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In the Studio with Bogdan Koshevoy

In the studio with Bogdan Koshevoy, whose practice explores story lines that take place in suggestive open spaces between the dreamlike and imaginary scenes. We met with Bogdan to tell us more about growing up in Central Ukraine, their greatest influences, and unexpected sources of inspiration.

When did you first begin to see yourself as an artist?

Well, maybe it happened during the last years of art school, when I started to realize that I had my skills grown enough for expressing more or less freely. So, yes, I think it was the moment when a certain technique level was achieved.

 Where are you from and what was your upbringing like?

I was born and grew up in quite a big industrial city in central Ukraine. Its authentic architectural styles had a great influence on me and set my taste in a significant way. 

Paint us a picture of your artistic journey. What inspired you to first pursue, and then continue to practice, artistic work?

As a child I enjoyed drawing the characters from the books I was reading, I was curious to understand better how would they look like. Later, when I was studying at art school It became a habit to have a sketchbook and I think it was then that I started to realize that art is more a way to approach living than producing nice objects.

What’s the message of your work? How would you describe your aesthetic? 

I’d say that the main intention of my practice is creating a certain atmosphere, inside of which a spectator can make a journey, following the inklings I give.
The story lines take place in suggestive open spaces balancing between the dreamlike, the imaginary and the hypothesized.

These panoramic scenes are often made up of forgotten architectures (i periodically use the architecture of my native city) and punk characters who weave ever new relationships, giving rise to countless interpretations.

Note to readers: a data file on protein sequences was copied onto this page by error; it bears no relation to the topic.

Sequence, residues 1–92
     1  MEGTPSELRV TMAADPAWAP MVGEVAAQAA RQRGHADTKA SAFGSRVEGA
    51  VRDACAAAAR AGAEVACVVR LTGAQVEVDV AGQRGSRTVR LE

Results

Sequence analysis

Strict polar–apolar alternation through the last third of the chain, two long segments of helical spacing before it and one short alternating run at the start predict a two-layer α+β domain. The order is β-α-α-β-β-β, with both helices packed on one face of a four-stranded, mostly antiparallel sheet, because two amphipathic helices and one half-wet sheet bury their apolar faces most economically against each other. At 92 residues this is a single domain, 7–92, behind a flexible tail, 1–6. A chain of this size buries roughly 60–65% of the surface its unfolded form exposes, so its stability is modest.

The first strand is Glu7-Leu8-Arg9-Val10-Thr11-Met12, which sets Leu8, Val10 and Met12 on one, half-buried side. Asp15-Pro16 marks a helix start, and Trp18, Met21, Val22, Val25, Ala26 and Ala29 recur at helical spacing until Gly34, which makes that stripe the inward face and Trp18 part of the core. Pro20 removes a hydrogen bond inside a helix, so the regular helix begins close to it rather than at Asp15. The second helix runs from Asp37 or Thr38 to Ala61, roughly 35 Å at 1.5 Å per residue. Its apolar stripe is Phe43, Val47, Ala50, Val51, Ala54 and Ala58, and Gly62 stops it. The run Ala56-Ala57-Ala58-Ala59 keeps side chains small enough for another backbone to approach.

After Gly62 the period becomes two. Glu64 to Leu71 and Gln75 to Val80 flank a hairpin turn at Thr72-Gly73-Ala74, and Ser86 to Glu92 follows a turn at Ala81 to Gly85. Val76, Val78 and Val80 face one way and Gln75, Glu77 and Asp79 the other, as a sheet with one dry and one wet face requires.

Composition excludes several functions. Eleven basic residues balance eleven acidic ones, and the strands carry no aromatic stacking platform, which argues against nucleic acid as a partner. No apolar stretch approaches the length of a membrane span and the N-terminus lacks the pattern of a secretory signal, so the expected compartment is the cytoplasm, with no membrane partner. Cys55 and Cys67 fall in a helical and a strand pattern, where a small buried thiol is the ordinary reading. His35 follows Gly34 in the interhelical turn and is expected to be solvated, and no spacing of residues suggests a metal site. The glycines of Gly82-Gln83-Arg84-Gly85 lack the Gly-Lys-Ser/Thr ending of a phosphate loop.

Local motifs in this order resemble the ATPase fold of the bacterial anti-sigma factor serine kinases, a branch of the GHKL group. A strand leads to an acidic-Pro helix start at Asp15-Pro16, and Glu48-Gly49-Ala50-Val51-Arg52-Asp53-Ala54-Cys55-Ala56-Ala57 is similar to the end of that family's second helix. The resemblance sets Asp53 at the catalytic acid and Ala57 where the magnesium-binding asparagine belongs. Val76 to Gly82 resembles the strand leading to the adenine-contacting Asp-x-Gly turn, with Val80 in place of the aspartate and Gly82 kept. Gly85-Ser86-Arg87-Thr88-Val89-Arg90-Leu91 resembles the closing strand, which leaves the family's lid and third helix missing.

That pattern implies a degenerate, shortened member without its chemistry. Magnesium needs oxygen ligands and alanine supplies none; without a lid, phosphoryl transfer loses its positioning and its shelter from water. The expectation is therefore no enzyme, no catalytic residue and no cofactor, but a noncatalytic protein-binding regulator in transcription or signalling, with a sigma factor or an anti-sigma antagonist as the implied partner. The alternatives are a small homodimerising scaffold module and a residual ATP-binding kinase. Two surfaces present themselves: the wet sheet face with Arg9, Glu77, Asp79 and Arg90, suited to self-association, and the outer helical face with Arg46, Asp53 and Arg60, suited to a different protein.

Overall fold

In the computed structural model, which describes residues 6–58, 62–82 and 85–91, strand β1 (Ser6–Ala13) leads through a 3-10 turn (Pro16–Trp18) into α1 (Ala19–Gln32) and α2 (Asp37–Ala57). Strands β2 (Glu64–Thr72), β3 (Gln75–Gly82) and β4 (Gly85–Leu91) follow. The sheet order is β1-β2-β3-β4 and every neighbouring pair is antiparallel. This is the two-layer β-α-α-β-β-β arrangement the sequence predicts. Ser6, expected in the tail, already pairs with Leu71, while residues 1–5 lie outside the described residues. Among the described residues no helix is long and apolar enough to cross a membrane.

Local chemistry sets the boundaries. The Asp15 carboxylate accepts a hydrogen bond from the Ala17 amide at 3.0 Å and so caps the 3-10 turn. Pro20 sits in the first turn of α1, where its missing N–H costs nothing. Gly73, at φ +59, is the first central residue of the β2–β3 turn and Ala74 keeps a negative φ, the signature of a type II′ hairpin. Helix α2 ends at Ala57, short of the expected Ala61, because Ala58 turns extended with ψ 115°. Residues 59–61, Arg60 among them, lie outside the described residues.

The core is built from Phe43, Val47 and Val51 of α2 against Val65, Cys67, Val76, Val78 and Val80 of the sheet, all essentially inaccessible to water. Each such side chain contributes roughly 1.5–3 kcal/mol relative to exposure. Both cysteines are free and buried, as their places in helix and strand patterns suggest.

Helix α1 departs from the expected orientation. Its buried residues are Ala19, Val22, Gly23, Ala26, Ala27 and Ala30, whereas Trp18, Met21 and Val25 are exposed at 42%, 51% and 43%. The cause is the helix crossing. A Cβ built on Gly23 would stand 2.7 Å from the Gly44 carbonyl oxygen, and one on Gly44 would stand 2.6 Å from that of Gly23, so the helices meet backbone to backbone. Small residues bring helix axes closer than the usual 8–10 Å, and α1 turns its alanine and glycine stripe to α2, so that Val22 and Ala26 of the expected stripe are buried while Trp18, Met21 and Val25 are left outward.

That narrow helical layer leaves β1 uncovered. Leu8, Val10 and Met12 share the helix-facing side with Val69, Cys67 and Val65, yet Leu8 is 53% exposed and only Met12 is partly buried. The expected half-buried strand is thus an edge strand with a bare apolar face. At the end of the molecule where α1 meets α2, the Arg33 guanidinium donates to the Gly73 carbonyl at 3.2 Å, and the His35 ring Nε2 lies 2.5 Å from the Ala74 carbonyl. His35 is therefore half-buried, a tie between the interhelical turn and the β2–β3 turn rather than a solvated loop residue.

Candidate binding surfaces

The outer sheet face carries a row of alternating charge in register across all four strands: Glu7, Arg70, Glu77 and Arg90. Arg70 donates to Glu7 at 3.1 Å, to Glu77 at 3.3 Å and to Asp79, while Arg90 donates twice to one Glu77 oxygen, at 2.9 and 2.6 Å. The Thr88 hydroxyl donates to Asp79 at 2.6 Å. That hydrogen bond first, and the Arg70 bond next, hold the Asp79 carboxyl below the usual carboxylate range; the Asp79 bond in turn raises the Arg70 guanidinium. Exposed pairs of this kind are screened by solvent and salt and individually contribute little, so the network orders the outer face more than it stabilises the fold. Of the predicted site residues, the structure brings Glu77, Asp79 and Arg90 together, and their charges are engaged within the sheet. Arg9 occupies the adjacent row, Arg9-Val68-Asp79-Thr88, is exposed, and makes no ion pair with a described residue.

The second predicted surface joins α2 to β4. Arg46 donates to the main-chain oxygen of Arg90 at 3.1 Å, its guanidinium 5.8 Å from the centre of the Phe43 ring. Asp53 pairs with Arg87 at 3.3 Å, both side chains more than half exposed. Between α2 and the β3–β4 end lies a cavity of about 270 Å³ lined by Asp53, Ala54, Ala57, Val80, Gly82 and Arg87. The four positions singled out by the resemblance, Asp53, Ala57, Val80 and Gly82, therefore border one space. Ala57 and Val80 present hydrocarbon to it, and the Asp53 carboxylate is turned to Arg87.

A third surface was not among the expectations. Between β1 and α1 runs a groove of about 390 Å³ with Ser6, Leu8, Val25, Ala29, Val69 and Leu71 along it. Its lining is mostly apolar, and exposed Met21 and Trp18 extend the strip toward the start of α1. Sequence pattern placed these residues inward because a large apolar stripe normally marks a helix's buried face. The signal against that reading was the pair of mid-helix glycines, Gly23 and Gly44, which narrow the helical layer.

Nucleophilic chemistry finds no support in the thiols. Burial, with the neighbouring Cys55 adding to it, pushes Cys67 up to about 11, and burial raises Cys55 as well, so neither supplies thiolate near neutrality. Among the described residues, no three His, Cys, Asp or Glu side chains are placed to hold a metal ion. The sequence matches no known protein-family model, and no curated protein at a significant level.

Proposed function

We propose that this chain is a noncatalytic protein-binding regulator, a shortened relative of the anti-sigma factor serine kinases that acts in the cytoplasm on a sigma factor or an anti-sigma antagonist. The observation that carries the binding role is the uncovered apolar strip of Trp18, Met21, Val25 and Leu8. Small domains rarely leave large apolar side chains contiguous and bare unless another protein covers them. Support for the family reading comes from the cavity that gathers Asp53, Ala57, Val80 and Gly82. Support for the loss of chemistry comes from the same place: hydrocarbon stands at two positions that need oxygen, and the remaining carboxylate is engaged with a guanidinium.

Who/what are your greatest influences?  

The place I currently live in and some people I’ve met here. And a series of great painters, of course, such as Sidney Nolan, Max Ernst, Candido Portinari and others.

An unexpected source of inspiration?

Could be really anything, like a particular illumination or oddly(funny) dressed person from a bar.

What do you want people to take from your work when they view it?

Actually I don’t really want to impose any specific interpretation of my work. I never think of the audience while painting, I believe it would distract and restrict me somehow.

What events in your life have mobilised change in your practise/aesthetic? How has your art evolved? Do you experiment?

The greatest impact on my practice was definitely moving to Venice. I’ve started some important relations and have seen in person lots of greatest artworks I never had a chance to see before. All of this inspired me to start experimenting with technique and materials.

What are your ideal conditions or catalyst for creating a “good” piece of work?

Having a good idea, which would stimulate your interest in proceeding on and maintain you concentrated.

Something in the future you hope to explore?

In the future I’d like to explore other cultural realities and art communities abroad.

Tell us about the inspiration behind one of your works?

The title of “Krasnoselsky palace” refers to a real existing building in the working-class district of my native city built in 30’s. It used to be a health and free-time activities center for decades, but now it  is abandoned and in ruins. When I heard of its deplorable conditions I decided to make it a protagonist of one of my works, in a slightly renewed version, because I think it is a beautiful architectural project.

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